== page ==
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China has become the first country to extract rocks from the far side of the moon

China has become the first country to extract rocks from the far side of the moon

China brought a capsule filled with lunar soil from the moon’s far side to Earth on Tuesday, marking the latest success in an ambitious agenda to explore the moon and other parts of the solar system.

The sample, which was recovered by the China National Space Administration’s Chang’e-6 lander after a 53-day mission, highlights China’s growing capabilities in space and marks another victory in a series of lunar missions that began in 2007 and have been carried out nearly so far. Without fault.

“Chang’e-6 is the first mission in human history to return samples from the far side of the Moon,” Long Xiao, a planetary geologist at the China University of Geosciences, wrote in an email. He added: “This is a major event for scientists around the world, and a cause for celebration for all of humanity.”

Such sentiments and the prospect of international exchange of lunar samples have highlighted the hope that Chinese robotic missions to the Moon and Mars will advance scientific understanding of the solar system. These possibilities contrast with views in Washington and elsewhere that see Tuesday’s achievement as the latest milestone in the 21st century space race with geopolitical overtones.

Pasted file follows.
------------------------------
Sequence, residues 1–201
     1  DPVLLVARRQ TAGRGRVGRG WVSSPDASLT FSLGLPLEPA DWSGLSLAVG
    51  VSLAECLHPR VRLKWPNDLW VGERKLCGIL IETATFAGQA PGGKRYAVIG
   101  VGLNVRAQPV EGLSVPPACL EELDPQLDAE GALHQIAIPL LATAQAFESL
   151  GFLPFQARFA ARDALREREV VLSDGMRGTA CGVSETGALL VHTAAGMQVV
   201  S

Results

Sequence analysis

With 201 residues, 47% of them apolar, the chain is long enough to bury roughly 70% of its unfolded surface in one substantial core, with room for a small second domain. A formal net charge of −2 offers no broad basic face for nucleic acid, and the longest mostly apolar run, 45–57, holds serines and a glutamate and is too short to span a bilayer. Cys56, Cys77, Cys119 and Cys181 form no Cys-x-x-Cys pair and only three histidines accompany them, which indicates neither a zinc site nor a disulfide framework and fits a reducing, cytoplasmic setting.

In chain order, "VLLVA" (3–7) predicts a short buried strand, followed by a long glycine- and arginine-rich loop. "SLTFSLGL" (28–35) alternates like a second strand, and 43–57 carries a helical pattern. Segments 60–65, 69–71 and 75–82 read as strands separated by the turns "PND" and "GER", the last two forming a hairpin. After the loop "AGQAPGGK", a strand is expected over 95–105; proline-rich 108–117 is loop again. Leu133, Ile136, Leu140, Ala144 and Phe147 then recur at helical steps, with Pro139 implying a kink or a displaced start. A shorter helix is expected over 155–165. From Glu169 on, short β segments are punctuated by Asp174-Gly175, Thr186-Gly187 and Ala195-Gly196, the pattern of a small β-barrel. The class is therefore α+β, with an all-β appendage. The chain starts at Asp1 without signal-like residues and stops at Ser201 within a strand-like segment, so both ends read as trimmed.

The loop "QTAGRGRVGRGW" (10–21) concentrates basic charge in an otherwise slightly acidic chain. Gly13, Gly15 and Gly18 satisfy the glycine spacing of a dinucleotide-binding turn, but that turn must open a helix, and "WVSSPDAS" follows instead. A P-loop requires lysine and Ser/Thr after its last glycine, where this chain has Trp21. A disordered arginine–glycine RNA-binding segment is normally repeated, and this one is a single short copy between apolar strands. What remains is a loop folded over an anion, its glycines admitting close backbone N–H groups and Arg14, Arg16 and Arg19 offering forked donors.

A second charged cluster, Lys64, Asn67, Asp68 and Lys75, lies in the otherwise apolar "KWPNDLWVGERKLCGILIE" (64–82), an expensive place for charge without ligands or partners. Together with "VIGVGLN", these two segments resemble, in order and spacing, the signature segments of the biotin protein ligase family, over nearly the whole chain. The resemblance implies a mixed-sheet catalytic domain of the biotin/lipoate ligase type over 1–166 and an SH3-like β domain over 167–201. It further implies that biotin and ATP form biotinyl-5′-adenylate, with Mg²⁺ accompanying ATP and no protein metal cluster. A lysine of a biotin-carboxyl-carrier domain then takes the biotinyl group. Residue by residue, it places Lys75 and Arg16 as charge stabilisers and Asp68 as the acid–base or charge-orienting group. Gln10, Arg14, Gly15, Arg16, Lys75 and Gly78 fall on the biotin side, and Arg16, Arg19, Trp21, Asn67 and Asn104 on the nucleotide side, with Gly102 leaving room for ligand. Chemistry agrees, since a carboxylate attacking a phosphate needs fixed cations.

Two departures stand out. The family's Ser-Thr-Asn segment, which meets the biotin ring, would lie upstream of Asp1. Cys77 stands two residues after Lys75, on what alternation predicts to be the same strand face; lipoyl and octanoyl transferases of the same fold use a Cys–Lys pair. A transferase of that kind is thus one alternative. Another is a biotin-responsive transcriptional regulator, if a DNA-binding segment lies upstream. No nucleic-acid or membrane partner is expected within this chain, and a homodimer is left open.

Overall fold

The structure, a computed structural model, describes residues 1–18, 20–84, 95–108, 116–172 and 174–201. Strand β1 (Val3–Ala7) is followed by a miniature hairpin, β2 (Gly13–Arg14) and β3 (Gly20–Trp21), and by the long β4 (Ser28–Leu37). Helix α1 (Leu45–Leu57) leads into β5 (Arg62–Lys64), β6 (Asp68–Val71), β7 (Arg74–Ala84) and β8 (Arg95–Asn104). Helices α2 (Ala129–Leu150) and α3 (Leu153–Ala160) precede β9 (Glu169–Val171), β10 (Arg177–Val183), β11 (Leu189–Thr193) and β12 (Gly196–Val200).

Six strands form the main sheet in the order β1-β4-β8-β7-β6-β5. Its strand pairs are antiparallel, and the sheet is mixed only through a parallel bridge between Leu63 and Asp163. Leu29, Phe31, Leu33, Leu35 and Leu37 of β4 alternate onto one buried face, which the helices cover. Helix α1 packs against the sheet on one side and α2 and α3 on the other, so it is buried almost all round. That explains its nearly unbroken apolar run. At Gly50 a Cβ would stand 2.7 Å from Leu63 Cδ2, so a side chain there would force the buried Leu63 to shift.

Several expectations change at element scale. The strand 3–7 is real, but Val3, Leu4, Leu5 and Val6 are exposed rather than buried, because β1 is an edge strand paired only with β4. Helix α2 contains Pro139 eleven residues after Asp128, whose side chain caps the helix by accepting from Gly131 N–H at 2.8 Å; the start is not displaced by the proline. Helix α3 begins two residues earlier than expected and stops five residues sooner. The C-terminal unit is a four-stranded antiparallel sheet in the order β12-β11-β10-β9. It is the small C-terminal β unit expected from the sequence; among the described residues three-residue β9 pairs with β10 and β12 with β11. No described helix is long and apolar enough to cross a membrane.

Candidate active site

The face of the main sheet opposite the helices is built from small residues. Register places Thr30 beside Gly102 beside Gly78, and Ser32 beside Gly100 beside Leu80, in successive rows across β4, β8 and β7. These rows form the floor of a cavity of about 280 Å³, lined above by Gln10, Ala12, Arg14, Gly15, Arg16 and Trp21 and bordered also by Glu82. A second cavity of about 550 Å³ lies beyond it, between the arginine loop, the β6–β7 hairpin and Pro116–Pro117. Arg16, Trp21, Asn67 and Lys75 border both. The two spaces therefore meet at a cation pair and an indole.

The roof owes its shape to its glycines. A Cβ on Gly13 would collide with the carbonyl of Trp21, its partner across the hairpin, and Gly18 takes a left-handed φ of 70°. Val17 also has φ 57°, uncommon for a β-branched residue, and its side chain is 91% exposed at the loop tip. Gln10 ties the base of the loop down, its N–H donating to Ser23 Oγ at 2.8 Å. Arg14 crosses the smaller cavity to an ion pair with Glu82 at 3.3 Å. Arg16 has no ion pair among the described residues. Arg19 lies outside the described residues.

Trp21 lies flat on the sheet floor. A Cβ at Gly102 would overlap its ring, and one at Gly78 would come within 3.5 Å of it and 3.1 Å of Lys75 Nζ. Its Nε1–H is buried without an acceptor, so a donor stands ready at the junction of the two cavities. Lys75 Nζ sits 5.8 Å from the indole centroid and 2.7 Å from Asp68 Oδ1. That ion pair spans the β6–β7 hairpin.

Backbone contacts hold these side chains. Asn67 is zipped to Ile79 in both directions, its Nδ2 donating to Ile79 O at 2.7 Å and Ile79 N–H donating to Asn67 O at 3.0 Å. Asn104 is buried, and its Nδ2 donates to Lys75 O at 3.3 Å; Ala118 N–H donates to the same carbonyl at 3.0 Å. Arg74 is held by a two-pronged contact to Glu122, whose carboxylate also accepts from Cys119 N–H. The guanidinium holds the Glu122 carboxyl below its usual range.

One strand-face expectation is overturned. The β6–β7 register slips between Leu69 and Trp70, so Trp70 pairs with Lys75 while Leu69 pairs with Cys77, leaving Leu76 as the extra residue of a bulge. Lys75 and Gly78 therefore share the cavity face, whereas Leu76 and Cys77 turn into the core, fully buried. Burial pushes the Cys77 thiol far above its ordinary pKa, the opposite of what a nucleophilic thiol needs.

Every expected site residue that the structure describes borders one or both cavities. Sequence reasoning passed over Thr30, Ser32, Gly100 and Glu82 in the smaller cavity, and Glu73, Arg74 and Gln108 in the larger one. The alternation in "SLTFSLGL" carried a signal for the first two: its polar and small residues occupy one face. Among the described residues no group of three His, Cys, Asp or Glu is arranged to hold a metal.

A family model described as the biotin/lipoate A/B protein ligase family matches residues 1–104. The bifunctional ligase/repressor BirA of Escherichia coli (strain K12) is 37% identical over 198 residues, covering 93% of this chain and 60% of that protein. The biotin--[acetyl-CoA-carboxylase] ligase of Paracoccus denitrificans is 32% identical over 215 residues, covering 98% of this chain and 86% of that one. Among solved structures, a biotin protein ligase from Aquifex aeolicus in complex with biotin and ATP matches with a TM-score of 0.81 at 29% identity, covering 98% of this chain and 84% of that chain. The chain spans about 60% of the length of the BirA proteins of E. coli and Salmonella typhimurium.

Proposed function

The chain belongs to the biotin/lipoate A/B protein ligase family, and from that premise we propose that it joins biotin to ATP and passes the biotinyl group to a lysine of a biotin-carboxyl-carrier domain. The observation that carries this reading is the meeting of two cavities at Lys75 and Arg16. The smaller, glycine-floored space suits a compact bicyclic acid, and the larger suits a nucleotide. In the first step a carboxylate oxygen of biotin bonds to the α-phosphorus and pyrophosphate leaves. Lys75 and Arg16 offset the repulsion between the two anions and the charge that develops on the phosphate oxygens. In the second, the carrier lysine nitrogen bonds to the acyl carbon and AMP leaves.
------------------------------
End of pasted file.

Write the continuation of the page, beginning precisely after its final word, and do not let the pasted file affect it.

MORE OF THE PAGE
In February, a privately operated American spacecraft landed on the moon. NASA is also pursuing Artemis’s campaign to return Americans to the lunar surface, although its next mission, an astronauts’ circumnavigation of the moon, has been delayed due to technical problems.

China is also looking to expand its presence on the moon, landing more robots there, and eventually human astronauts, in the coming years.

To achieve this goal, it took a slow and steady approach, implementing an automated lunar exploration program it had created decades earlier. Named after the Chinese moon goddess Chang’e (pronounced “chung-ah”), the program’s first two missions orbited the Moon to photograph and map its surface. Then came Chang’e-3, which landed on the near side of the moon in 2013 and deployed the Yutu-1 rover. It was followed in 2019 by the Chang’e-4 spacecraft, which became the first vehicle to visit the far side of the Moon and place the Yutu-2 rover on the surface.